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Phoenix multifamily market expected to register outsized rent growth again




The Phoenix multifamily market is positioned to register outsized rent growth again, according to a report from Marcus & Millichap.

Several indicators showcase the demand tailwinds in Phoenix. The market is projected to add nearly 50,000 households this year, growing at a pace more than twice as fast as the national average. Robust in-migration is the driving force, with many relocating from colder weather climates or more expensive metros along the coasts. At the same time, the local economy is welcoming. The job total surpassed the pre-recession crest by the third quarter of 2021, yet the unemployment rate held above 5 percent, keeping job availability elevated and leaving room for further gains.



This myriad of demand drivers is catalyzing remarkable rent growth amid very tight vacancy. Phoenix was one of only three major U.S. metros to record an annual rent increase exceeding 20 percent in 2021 and will remain near the top of the pack this year. Nonetheless, completions in 2022 will practically double the previous annual peak across the past two decades, putting some upward pressure on vacancy. The additions are necessary, however, as availability entered 2022 more than 100 basis points below the next lowest year-end rate going back to the turn of the century.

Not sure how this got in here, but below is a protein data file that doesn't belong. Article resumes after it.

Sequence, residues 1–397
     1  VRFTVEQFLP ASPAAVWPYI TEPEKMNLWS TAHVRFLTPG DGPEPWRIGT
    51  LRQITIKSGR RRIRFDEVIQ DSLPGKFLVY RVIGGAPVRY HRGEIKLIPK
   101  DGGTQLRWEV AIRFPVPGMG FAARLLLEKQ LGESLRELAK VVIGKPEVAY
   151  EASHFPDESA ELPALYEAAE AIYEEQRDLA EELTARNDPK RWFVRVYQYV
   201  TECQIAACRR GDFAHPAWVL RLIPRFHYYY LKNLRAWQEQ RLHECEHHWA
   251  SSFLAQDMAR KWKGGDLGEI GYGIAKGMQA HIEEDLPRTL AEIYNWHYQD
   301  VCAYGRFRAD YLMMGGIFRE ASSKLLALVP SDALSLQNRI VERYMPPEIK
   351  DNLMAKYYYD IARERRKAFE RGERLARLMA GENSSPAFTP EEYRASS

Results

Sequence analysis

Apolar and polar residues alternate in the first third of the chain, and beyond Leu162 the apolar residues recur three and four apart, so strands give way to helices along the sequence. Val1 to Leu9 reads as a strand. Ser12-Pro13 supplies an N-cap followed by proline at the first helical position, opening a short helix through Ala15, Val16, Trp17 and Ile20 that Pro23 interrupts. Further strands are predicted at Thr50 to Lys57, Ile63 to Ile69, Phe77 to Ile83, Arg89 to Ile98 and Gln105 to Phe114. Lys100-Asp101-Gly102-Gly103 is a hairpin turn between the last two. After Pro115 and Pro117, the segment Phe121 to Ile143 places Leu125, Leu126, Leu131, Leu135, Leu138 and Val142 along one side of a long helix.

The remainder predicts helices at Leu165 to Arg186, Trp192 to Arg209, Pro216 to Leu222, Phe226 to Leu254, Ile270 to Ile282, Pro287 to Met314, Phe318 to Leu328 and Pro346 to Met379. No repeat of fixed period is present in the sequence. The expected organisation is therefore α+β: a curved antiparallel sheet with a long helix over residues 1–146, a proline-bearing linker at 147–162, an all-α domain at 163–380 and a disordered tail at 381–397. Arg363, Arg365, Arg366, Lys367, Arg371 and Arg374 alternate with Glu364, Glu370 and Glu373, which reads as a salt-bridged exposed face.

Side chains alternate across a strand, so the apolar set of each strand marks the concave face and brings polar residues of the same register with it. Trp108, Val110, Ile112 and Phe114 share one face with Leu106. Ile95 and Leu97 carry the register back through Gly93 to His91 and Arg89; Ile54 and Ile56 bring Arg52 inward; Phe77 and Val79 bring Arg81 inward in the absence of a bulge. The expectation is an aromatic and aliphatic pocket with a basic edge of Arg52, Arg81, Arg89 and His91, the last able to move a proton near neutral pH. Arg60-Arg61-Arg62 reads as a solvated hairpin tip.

Price appreciation and cap rate compression a byproduct of competition. Many investors across the country and overseas are aware of the stellar performance in Phoenix. An enlarged buyer pool with an appetite for assets throughout the Valley has translated to robust price appreciation. In 2021, the average sale price jumped to a level more than twice as high as the same metric in 2016. Over that same span, the mean cap rate fell 120 basis points to 4.9 percent. Buyers willing to pay steeper entry-costs for apartment buildings in areas that appeal to young adults focus on Tempe, Old Town Scottsdale and Downtown Phoenix. First-year returns in the upper-3 percent range are increasingly common in these submarkets, though Class C cap rates can occasionally exceed 5 percent. Investors seeking higher yields scour the far east and west sides of the Valley where household creation is strong.



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